Are the books being used?

Students of MPPS, Chitkul, Telangana, browse through some of the books

Students of MPPS, Chitkul, Telangana, browse through some of the books
| Photo Credit:
Special Arrangement

Setting up a library is only the initial step. For schools, a teacher is trained to maintain the library, encouraged to conduct two library classes per month and incentivised for the effort. On a dedicated app, the teacher logs in details of the library classes with audio and video recordings.

Establishing a library, monitoring it, courier charges for the books and periodic competitions to motivate children with gifts for the winners costs money and that, says the Food4Thought Foundation, prompted them to look for corporates and individuals to adopt libraries. 

At this year’s Hyderabad Literary Festival in January, the Foundation put up a stall with a focus on adopting libraries. 

While corporates are still warming up to this activity in Hyderabad, there’s been a good response in Bengaluru, says Madhavi. “An initial investment of ₹25000 and an annual sum of ₹11000 is charged to keep these school libraries running.”

Incentive to read

Besides establishing and maintaining libraries, the Foundation has also been helping conduct reading activities. The Reading Olympiad, for example, is a contest that tests the reading skills of students from schools in different regions. A new initiative called Reading Decathlon works as a quiz. “We invited six institutions, including international schools and schools with CBSE syllabus from different States, to Hyderabad. The students were given a list of books to read in advance, based on which a quiz and online were conducted,” adds Madhavi.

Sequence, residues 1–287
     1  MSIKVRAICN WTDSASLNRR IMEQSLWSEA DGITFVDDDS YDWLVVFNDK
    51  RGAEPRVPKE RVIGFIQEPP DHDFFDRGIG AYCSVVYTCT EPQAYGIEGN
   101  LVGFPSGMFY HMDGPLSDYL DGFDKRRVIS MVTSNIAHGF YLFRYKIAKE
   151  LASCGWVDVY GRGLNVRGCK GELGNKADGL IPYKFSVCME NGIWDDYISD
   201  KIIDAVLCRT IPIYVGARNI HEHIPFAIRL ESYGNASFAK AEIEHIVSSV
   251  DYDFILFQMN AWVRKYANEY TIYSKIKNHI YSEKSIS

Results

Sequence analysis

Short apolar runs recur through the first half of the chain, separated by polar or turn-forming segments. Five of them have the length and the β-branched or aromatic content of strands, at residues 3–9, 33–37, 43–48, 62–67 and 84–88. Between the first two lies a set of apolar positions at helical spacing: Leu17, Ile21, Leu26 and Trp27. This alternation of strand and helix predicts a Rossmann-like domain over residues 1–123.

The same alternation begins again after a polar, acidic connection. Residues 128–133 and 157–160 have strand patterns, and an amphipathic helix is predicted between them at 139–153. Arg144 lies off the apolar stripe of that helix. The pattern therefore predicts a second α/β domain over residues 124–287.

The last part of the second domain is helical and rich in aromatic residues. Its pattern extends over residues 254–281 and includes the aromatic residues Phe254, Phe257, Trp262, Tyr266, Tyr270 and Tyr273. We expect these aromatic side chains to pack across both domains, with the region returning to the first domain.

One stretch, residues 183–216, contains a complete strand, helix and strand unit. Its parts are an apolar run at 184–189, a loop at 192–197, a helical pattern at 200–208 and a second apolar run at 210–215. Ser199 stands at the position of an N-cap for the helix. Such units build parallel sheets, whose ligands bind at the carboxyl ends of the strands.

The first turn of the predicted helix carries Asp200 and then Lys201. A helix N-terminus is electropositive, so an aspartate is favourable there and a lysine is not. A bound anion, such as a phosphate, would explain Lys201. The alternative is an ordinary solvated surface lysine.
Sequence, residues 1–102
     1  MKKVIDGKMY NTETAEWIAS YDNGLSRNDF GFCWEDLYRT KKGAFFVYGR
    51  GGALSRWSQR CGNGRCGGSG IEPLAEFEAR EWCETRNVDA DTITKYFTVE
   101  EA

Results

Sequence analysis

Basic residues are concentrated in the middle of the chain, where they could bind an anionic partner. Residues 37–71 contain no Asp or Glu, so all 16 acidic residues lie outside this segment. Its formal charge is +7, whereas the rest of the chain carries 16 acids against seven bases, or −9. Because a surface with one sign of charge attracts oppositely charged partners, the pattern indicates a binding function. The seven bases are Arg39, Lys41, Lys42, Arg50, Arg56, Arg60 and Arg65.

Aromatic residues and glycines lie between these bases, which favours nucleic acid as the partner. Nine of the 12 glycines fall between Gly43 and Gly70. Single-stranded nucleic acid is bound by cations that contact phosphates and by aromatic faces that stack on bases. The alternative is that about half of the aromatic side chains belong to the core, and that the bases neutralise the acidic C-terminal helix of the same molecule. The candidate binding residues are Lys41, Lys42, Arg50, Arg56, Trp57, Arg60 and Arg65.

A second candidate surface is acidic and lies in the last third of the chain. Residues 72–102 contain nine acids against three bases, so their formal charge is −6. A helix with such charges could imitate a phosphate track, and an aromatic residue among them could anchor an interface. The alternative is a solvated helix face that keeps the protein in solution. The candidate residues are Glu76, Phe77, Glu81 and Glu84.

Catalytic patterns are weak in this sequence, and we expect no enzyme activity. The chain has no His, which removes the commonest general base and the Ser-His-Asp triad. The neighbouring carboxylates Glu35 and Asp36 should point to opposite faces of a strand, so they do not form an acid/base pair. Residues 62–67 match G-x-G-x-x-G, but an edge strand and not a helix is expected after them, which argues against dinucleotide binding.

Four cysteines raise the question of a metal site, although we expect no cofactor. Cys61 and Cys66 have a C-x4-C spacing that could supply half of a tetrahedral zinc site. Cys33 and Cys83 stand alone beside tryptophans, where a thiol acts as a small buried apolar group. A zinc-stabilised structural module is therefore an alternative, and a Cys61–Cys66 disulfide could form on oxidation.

Participate online

Another initiative by the Foundation attempts to bring book clubs in the country under an umbrella to help members participate in activities conducted by clubs in other cities through online participation. Madhavi explains that book clubs in cities such as Sikkim and Dehradun have several members but very few authors travel to these locations for interactive sessions. Authors frequent book clubs in a few urban areas, but the clubs have not noticed an increase in membership. Connecting the clubs virtually and sharing their calendars, she says, helps members participate in more activities. So far 25 book clubs are under this umbrella.

Recording indigenous stories

Besides libraries and reading initiatives, the Foundation has been recording lesser-known indigenous stories, both oral and written folklore, as podcasts. In the first phase 501 stories in eight languages were recorded and are now available on their YouTube channel (Food4Thought Foundation). Most of these audio stories are of two to three-minute duration. Plans are on to record another 500 in 11 languages by December 2024. The Foundation hopes that all these initiatives help spark a reading revolution.